Centacare launches National Child Protection Week
CENTACARE has launched National Child Protection Week with a focus on positive parenting and keeping children safe from domestic violence.
Speaking at a morning tea held at Centacare’s Adelaide headquarters, Assistant Director Pauline Connelly said perpetrating domestic violence must be seen as a parenting choice.
“Our theme is about placing our society’s children at the centre of our world and our decision-making,” Pauline said.
“I do believe we need to relearn how to do that and to discover what it looks like in terms of our own personal decisions, our choices and behaviours, the community’s response to events, our organisational values and our government policy.”
Pauline used the event to highlight the role of social workers and community service organisations who work to protect women and children from family violence, abuse and neglect.
“I want to recognise the work that you do and the challenge that it is just to go out every day and face the situations you do without always having the answers,” she said.
“I also want to acknowledge the managers in the way they try and support their staff. The managers try their best with regard to structures and policies we have in the organisation, but nothing can replace the support they give in terms of debriefing, the protection from vicarious trauma and the deep encouragement that is needed.”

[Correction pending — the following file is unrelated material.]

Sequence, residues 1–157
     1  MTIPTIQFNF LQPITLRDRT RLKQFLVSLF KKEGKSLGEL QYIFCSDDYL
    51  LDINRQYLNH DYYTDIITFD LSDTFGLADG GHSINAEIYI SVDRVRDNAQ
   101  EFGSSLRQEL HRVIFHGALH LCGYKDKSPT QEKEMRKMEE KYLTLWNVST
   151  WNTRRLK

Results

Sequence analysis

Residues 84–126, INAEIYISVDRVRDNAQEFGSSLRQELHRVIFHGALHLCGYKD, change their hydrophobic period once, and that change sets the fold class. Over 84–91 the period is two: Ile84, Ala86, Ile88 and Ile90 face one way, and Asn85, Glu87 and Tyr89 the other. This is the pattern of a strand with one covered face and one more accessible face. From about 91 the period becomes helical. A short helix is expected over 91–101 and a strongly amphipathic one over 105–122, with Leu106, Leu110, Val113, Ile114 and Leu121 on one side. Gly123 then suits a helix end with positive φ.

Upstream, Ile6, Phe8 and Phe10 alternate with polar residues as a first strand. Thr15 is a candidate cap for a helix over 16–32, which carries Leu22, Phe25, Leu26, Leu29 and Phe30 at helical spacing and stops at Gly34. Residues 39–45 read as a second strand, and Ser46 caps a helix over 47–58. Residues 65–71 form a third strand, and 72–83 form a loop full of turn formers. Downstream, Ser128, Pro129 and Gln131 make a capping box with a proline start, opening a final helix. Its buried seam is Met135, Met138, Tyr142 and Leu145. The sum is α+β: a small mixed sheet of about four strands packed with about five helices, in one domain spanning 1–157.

David Mandel, an international expert on the prevention of violence against women, spoke via video at the launch.
David visited Adelaide in April to train Centacare staff on his perpetrator pattern-based approach to domestic violence cases involving children.
His approach looks at the perpetrator’s behaviour, not the relationship or the survivor’s behaviour, as the foundation of moving toward a domestic violence-informed child welfare system.
“We need to be thinking through the lens that domestic violence perpetration is a parenting choice,” he said. “We need to hold domestic violence perpetrators accountable.
“We need to make visible what is often invisible because we hold men to such low expectations as parents and we hold women to such high expectations.
“By talking about domestic violence perpetration as a parenting choice and when we say that to a domestic violence survivor, it is an immediate intervention in some cases to really start alleviating the guilt and shame she feels.
“Good practice really involves us talking about the story of what the perpetrator did and how it harmed the child and family function. That, in some ways, is really the heart and soul of this idea that perpetration is a parenting choice.”
National Child Protection Week is coordinated by NAPCAN (National Association for Prevention of Child Abuse and Neglect) and runs from September 6-12.